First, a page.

by NUR HAZIQAH A MALEK
TENAGA Nasional Bhd (TNB) has denied a claim that it received an instruction from a director, alleging that the government has ordered to increase the electricity tariff by 30% following a hike in complaints over high electricity bills.
The national utility firm said the claim had gone viral on social media.
“The message, which was supposedly written by a TNB employee, is false and baseless. In addition, TNB does not have an employee with such a name as appeared in the message.
“As such, TNB has urged members of the public to ignore the message,” it said in a statement yesterday.
The company said any decision made on electricity tariffs are made by the Energy Commission.
Meanwhile, Bernama quoted Domestic Trade and Consumer Affairs Minister Datuk Seri Saifuddin Nasution Ismail as saying TNB should have its electricity meters calibrated to ensure accuracy.
He said this was important to correct any weaknesses and ensure that electricity do not surge suddenly in the future.
“The Domestic Trade and Consumer Affairs Ministry has a monitoring body to ensure that its weighing machines are certified. It would be better if the same system is used for electricity and water meters, if there isn’t any now,” he told reporters after attending an event organised by the Islamic Economic Development Foundation in Kuala Lumpur.
Saifuddin Nasution said the issue of the surge in electricity bills had the attention of the Cabinet meeting yesterday, brought up by Prime Minister Tun Dr Mahathir Mohamad himself.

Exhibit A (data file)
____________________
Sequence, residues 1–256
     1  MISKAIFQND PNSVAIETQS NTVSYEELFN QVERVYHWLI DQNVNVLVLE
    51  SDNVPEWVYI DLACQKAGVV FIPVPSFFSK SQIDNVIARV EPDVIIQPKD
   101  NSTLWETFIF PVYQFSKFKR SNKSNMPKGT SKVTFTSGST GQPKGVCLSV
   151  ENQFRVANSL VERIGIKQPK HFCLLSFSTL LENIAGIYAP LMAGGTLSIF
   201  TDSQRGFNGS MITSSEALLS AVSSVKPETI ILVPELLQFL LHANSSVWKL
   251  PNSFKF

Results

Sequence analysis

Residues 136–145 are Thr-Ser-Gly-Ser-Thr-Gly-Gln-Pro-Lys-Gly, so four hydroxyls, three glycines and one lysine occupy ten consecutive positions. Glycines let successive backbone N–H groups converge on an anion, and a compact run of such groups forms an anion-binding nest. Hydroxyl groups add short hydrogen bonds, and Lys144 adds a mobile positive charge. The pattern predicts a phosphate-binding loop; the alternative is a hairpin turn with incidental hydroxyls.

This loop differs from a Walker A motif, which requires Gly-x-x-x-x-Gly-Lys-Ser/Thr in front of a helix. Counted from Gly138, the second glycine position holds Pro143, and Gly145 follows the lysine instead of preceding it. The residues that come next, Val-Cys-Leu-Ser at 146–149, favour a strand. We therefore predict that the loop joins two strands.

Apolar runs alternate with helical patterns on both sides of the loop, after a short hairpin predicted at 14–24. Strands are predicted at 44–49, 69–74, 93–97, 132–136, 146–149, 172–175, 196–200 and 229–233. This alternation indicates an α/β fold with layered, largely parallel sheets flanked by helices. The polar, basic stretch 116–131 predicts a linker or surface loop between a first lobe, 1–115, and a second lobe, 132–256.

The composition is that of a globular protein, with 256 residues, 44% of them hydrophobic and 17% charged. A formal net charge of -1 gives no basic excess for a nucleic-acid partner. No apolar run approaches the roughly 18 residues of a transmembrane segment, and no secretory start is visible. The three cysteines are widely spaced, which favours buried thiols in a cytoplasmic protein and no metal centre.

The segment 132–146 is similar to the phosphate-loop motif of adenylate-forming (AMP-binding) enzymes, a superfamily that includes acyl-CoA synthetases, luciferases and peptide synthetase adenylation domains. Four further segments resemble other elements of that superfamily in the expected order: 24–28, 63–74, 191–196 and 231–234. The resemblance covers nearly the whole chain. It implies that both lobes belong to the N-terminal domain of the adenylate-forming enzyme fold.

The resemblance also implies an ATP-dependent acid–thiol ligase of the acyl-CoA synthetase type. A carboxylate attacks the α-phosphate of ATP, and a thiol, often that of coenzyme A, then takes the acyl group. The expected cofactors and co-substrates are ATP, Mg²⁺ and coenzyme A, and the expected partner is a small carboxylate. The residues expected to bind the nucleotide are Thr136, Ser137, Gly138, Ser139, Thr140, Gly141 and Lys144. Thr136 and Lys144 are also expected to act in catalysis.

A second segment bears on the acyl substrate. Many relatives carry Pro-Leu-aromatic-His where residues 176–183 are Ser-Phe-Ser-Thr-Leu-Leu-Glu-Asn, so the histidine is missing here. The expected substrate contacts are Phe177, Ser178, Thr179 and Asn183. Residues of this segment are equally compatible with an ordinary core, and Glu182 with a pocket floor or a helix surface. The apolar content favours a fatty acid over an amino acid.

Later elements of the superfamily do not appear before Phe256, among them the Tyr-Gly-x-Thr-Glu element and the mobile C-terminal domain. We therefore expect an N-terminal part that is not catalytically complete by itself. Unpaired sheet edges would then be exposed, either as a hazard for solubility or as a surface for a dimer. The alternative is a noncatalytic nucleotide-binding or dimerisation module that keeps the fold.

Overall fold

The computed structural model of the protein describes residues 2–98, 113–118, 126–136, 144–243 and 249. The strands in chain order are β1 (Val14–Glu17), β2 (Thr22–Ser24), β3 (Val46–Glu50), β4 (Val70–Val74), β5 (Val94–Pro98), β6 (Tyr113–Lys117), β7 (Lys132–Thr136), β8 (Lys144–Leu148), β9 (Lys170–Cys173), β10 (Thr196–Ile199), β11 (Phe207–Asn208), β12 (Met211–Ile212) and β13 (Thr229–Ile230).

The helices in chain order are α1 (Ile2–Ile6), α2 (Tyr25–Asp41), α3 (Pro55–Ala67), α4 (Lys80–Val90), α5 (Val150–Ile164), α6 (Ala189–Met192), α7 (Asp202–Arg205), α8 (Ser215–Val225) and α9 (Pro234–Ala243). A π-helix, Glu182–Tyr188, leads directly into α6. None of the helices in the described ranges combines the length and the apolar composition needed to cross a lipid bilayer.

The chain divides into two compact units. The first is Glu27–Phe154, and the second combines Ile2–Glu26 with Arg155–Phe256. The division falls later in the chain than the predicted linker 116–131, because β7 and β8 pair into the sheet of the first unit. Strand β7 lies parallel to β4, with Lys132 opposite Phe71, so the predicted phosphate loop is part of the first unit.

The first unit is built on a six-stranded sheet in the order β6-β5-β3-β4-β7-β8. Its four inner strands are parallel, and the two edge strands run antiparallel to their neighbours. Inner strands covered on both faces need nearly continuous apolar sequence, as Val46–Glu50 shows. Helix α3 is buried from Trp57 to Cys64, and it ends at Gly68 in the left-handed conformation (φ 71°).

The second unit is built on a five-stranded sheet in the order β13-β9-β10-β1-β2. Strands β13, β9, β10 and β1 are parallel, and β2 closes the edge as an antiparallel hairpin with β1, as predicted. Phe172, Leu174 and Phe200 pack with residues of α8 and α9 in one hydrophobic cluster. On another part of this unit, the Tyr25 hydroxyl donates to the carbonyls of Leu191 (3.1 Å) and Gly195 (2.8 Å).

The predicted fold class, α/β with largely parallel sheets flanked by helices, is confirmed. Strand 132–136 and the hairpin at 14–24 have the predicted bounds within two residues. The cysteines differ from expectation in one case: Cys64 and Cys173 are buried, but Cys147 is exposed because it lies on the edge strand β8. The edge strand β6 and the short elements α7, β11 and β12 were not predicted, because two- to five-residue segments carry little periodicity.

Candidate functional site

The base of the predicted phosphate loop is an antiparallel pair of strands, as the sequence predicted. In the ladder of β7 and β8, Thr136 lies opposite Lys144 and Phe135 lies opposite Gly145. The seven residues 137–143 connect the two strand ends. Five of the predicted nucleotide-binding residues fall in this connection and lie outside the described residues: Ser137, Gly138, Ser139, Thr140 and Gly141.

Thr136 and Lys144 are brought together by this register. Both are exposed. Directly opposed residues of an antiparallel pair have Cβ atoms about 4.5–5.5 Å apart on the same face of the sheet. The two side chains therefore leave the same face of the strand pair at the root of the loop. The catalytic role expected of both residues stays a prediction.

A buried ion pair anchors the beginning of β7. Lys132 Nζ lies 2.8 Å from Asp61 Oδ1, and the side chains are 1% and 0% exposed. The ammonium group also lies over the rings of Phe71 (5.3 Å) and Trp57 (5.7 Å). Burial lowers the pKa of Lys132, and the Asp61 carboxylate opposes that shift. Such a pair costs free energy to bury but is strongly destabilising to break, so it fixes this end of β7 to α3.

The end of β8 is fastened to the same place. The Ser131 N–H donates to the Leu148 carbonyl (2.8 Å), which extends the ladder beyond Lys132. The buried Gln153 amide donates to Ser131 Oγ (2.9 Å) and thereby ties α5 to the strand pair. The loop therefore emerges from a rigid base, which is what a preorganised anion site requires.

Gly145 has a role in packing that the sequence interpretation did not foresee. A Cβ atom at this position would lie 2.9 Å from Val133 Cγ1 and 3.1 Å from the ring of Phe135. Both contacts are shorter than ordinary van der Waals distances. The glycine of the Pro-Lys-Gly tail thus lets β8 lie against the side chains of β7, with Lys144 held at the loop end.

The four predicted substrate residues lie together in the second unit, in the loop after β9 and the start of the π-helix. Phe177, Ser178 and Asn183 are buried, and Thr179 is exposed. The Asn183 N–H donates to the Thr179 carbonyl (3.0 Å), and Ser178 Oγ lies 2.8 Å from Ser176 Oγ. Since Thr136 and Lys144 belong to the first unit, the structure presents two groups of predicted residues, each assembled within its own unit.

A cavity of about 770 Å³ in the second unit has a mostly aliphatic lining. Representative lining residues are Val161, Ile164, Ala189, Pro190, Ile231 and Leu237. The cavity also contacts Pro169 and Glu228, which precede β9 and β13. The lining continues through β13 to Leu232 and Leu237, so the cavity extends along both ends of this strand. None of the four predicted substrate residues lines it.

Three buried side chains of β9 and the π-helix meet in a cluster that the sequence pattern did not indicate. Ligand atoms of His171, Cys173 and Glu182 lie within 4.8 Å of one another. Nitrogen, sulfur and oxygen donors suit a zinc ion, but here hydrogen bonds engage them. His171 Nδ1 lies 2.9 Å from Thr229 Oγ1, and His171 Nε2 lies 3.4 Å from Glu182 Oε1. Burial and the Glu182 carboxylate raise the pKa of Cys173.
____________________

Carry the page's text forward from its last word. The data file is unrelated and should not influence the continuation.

He said according to Energy, Science, Technology, Environment and Climate Change Minister Yeo Bee Yin, the matter had affected about 1.7 million account holders.
“Yeo also said steps were being taken to correct the situation and find out what has caused it. She also instructed TNB to resolve the issue,” he said.
Saifuddin Nasution added TNB should resolve the matter immediately for the sake of the consumers.
“I believe TNB has its own methods. If the consumer has paid, I hope TNB will give a rebate in the next bill and issue a new one to the consumers who have not yet paid,” he said.
Last Tuesday, The Malaysian Reserve reported the commission can initiate legal proceedings against the utility giant if an investigation finds proof of “negligence”.
This came following the Energy Commission’s report that there has been a spike in complaints regarding high electricity bills which had accounted up to 286 cases in May against the average of 10 cases recorded in the past four months.